compassion - karuna, daily life, Kindness - metta, Wisdom - pañña

Brene Brown on shame, vulnerability and compassion

echidna 1 scaled

Australian echidna not enjoying having its photo taken

Recently I’ve offered a couple of retreats and courses exploring the theme of “Transforming Poison into Medicine – working with the mind’s difficult energies.”   That phrase about “poison and medicine” was borrowed from a chapter in a book by Pema Chodron, an American nun in the Tibetan Buddhist tradition who has written many inspiring books about transmuting life’s obstacles into resources.  The titles of her books say it all:

The Wisdom of No Escape
Start Where You Are: How to accept yourself and others
When Things Fall Apart
The Places that Scare You
Comfortable with Uncertainty
No Time to Lose …

There’s definitely a theme there!  And perhaps she (and we) need to keep coming back to that theme because it IS so counter-intuitive that “the way out is through.”  Even to hear or read words such as shame and vulnerability can send some of us scurrying back into our “wombat holes,” to borrow a phrase from a recent course participant.

But in case we need any further convincing, there’s a growing body of research that’s starting to come to similar conclusions.  For example, Brene Brown, who is a professor of sociology at Houston University, has spent the past ten years studying vulnerability, courage, authenticity, and shame, and although (as far as I know) she is not a meditator, the conclusions she comes to sound a lot like this alchemical process of transmuting poisons into medicine.   In one of her latest interviews, she even quotes Pema Chodron.  Here is a short extract from that interview:

If you have a petri dish and you have shame in there, this pervasive feeling of not being good enough and not being ‘whatever’ enough—thin enough, rich enough, popular enough, promoted enough, loved enough. It only needs three things to survive in this little Petri dish and actually to grow exponentially and creep into every corner and crevice of your life and that is secrecy, silence and judgement. If you have the same amount of shame in a Petri dish and you douse it with some empathy, you share your story with someone who can hear you and look back at you and say you’re not alone, shame dies.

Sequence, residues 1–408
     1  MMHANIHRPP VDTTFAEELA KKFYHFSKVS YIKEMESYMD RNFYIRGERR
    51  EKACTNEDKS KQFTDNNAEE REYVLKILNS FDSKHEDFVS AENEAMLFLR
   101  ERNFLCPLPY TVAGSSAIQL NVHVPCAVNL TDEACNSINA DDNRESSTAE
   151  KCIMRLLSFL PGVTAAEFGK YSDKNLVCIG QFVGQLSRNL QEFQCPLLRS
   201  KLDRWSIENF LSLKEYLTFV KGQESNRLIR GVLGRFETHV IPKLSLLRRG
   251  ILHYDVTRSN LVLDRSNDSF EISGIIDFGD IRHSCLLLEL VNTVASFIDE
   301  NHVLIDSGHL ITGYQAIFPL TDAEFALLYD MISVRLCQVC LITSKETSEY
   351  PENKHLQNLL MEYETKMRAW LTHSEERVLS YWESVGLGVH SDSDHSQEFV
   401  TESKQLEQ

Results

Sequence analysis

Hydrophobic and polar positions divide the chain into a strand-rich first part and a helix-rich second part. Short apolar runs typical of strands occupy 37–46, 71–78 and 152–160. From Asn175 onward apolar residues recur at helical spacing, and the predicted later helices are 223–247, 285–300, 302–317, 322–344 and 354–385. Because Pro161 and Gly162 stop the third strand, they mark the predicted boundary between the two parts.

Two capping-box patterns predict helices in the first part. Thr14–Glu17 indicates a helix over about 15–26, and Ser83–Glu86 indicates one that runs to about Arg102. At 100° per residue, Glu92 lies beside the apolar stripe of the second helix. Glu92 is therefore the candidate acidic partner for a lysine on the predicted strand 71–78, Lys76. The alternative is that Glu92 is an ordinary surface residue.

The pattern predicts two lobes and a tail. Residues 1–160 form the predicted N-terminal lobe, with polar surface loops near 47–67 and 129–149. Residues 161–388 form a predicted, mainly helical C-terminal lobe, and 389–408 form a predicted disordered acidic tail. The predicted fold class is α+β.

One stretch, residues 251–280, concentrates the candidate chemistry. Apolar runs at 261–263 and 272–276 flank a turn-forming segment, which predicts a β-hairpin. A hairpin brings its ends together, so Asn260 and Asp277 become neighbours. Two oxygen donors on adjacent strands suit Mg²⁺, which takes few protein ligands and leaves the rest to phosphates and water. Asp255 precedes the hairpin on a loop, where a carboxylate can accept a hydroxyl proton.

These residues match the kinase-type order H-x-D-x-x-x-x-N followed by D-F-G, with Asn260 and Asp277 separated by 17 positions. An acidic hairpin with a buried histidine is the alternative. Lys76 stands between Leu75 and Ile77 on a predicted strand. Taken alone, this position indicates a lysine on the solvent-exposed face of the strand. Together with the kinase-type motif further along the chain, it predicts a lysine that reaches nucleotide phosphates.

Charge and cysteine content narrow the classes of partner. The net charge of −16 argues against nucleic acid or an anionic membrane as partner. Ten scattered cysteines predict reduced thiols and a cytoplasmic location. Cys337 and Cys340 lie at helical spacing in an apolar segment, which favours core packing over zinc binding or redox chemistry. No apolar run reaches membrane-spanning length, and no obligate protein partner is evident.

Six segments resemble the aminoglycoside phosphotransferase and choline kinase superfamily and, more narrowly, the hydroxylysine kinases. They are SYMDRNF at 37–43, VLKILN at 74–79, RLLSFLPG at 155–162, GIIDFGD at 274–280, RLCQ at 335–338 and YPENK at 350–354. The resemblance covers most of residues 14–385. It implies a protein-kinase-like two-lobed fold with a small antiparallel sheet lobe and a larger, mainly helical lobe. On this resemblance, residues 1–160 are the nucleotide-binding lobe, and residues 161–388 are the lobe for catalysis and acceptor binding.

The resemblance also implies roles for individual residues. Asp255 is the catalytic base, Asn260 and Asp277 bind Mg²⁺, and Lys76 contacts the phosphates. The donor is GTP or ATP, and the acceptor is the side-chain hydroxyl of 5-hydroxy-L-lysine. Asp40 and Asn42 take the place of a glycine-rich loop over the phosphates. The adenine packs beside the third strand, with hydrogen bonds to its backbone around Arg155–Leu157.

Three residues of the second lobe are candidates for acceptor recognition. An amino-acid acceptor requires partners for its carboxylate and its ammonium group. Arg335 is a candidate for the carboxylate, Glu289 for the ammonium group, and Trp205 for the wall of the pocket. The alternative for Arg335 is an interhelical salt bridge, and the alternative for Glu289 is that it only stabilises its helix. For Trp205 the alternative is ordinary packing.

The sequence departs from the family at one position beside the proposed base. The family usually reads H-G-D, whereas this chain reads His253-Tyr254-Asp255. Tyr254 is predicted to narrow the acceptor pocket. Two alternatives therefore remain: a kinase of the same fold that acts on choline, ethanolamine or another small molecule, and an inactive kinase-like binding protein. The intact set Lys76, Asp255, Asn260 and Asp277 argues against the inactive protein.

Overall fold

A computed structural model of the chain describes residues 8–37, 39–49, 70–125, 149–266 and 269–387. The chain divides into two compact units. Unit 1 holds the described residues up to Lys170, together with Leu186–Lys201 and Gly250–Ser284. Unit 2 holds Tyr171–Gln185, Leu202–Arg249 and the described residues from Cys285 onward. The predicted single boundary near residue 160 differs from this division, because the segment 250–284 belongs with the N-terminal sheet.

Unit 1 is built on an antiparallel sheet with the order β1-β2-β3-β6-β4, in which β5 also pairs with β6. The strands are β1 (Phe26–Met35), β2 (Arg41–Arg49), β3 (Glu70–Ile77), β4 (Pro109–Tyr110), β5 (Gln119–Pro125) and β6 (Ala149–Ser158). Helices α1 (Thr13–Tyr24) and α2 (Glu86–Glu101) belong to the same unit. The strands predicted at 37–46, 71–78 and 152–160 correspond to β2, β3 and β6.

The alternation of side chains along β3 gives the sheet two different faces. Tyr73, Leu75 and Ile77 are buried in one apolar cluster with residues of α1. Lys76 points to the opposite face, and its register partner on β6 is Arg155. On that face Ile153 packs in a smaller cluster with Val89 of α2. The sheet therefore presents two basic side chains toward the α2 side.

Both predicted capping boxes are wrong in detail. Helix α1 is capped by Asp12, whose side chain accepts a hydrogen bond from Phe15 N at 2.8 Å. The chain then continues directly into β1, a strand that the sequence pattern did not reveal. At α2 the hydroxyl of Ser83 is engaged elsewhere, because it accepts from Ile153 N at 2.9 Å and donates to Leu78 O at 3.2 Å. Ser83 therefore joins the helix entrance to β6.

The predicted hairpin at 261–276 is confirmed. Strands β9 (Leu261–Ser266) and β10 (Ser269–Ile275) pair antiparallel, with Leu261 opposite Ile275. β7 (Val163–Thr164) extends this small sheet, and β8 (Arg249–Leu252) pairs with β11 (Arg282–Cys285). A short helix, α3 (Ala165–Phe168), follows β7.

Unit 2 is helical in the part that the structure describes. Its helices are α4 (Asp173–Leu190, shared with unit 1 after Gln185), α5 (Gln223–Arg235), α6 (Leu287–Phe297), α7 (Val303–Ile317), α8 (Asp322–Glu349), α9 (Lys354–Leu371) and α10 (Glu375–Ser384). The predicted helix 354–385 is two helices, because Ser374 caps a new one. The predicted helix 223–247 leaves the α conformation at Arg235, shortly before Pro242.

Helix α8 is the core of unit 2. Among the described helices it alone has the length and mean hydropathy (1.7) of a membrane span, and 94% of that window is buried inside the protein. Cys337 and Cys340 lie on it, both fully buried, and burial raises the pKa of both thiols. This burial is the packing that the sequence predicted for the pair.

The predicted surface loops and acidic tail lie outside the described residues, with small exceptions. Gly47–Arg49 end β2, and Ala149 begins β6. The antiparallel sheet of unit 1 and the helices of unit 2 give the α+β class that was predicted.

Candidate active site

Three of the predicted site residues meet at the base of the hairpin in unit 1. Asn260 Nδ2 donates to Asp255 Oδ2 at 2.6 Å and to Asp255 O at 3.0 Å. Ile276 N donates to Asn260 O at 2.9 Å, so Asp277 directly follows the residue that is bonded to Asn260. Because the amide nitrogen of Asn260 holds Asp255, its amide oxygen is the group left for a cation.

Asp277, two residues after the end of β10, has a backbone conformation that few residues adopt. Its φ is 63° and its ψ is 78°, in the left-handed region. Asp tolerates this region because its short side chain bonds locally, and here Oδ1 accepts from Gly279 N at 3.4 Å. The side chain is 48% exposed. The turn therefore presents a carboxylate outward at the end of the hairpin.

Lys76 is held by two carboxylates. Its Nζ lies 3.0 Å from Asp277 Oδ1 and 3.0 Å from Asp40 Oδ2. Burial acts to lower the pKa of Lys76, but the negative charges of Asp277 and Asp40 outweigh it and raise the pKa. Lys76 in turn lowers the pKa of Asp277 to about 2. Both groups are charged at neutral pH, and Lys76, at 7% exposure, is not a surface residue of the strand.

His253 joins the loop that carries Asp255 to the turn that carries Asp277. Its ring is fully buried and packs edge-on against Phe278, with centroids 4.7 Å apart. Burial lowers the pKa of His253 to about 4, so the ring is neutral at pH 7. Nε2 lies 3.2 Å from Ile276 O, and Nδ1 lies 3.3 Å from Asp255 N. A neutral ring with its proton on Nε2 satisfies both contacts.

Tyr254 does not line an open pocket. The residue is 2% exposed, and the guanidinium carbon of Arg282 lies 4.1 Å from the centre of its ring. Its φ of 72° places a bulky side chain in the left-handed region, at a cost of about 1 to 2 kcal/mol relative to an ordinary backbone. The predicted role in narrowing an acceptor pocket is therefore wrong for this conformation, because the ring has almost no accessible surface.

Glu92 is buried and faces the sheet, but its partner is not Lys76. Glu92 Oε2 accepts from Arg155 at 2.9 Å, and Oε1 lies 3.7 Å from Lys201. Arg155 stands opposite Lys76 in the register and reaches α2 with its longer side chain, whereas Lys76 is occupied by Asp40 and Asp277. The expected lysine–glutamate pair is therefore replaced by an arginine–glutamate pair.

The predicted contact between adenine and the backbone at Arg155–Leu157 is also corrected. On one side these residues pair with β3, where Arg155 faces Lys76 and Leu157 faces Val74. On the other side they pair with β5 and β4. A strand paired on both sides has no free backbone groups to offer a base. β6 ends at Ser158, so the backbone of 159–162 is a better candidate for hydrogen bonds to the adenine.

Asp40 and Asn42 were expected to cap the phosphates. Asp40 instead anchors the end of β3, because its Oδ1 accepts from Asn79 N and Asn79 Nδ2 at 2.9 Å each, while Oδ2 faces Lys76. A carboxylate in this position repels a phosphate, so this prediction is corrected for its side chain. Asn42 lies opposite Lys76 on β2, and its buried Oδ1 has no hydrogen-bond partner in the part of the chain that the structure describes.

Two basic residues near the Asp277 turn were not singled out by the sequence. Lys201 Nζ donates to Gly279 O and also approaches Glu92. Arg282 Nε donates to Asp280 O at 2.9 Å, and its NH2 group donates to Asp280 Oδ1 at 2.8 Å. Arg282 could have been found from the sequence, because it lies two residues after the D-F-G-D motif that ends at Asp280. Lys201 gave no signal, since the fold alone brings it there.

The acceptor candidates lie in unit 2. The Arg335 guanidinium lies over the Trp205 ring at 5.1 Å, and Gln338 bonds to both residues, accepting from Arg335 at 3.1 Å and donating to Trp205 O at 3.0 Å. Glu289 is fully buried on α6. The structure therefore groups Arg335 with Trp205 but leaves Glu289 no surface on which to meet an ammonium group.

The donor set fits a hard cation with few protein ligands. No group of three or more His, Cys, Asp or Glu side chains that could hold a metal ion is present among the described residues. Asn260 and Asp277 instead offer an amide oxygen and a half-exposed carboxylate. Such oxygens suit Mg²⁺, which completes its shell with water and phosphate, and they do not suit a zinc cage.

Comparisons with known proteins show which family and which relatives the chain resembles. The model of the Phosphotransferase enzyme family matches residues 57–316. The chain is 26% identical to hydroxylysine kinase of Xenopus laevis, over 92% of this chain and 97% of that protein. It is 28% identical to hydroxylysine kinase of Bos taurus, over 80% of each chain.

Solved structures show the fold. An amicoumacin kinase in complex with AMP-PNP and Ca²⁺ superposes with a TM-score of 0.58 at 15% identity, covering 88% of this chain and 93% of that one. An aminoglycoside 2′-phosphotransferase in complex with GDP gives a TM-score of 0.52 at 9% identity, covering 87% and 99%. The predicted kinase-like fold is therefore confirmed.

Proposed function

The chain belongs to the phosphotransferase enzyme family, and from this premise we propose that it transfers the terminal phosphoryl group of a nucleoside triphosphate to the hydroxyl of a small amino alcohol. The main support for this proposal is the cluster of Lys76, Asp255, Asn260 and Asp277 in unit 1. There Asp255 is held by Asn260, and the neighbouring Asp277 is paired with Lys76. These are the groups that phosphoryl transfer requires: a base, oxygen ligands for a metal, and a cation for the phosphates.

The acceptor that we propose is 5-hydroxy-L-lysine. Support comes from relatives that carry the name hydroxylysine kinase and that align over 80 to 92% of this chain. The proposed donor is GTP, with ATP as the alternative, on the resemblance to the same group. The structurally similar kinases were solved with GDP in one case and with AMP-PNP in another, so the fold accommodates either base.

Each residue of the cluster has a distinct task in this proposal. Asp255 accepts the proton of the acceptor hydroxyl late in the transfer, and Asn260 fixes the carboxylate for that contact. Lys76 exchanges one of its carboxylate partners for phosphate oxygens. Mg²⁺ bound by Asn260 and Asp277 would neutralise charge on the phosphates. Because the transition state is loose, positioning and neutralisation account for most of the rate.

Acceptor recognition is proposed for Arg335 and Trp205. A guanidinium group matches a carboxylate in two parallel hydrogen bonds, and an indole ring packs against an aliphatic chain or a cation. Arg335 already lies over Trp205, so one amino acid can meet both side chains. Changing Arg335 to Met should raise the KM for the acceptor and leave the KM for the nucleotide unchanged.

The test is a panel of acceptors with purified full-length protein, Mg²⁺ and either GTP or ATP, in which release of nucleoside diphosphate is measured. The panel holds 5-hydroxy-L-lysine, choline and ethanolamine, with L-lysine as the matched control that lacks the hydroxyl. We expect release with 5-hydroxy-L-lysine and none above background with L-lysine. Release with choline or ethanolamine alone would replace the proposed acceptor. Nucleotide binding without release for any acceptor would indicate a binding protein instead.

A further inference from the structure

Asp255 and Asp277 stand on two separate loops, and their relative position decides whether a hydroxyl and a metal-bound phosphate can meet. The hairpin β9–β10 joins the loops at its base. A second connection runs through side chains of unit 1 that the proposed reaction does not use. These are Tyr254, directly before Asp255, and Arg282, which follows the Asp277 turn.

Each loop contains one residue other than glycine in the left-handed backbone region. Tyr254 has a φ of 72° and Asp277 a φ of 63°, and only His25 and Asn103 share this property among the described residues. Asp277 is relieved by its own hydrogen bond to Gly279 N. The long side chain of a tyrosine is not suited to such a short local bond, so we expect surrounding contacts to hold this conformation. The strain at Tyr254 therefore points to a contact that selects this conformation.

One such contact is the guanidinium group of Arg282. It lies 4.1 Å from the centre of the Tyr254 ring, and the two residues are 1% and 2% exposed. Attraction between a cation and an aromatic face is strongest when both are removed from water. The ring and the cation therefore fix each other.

Pema Chödrön … defines compassion as knowing your darkness well enough that you can sit in the dark with others. …

Which is why, it’s so ironic to me that people think that vulnerability is weakness, when really, letting ourselves fully soften into feeling is one of the most courageous things we do. I mean it’s ballsy to let yourself feel. I don’t know if there’s an emotion more vulnerable than joy. I think it is one of the most difficult emotions to feel. Emotions won’t kill you but not feeling them will. Our fear of emotion can absolutely kill us. Pain won’t kill us but numbing pain kills people every single day. We’re the most obese, in debt, medicated, workaholic, addicted adults in human history. Pain won’t kill you, numbing pain kills people every minute of every day.

So what’s the antidote?

To increase our tolerance for discomfort … you practice being uncomfortable.

Because to lean into joy is to lean into discomfort.

 

The whole text of the interview is available here: http://www.dumbofeather.com/conversation/brene-brown-is-a-grounded-researcher/

 

daily life, Generosity - dana

Generosity part 3: The Art of Asking by Amanda Palmer

This TED talk by a musician, Amanda Palmer, on “The Art of Asking” really resonated with some of my own recent experiences of giving and receiving.  It’s not a classical Buddhist “dana talk” – it even features some brief nudity – but her courage in being willing to connect with a diverse cross-section of people, to be vulnerable, and to give and receive without shame is quite inspiring.

http://www.ted.com/talks/amanda_palmer_the_art_of_asking.html

“… I was a self-employed living statue called the 8-Foot Bride … I painted myself white one day, stood on a box, put a hat or a can at my feet, and when someone came by and dropped in money, I handed them a flower and some intense eye contact. … So I had the most profound encounters with people, especially lonely people who looked like they hadn’t talked to anyone in weeks, and we would get this beautiful moment of prolonged eye contact being allowed in a city street, and we would sort of fall in love a little bit. And my eyes would say, “Thank you. I see you.” And their eyes would say, “Nobody ever sees me. Thank you.”

… And the media asked, “Amanda, the music business is tanking and you encourage piracy. [by offering her music on-line with no set price]  How did you make all these people pay for music?” And the real answer is, I didn’t make them. I asked them. And through the very act of asking people, I’d connected with them, and when you connect with them, people want to help you. It’s kind of counter-intuitive for a lot of artists. They don’t want to ask for things. But it’s not easy. It’s not easy to ask. And a lot of artists have a problem with this. Asking makes you vulnerable.”

Asking makes you vulnerable, but offering can too, and so can receiving.  After listening to her talk, instead of trying to somehow “get beyond” that vulnerability, I’m starting to appreciate it as a sign of genuine generosity.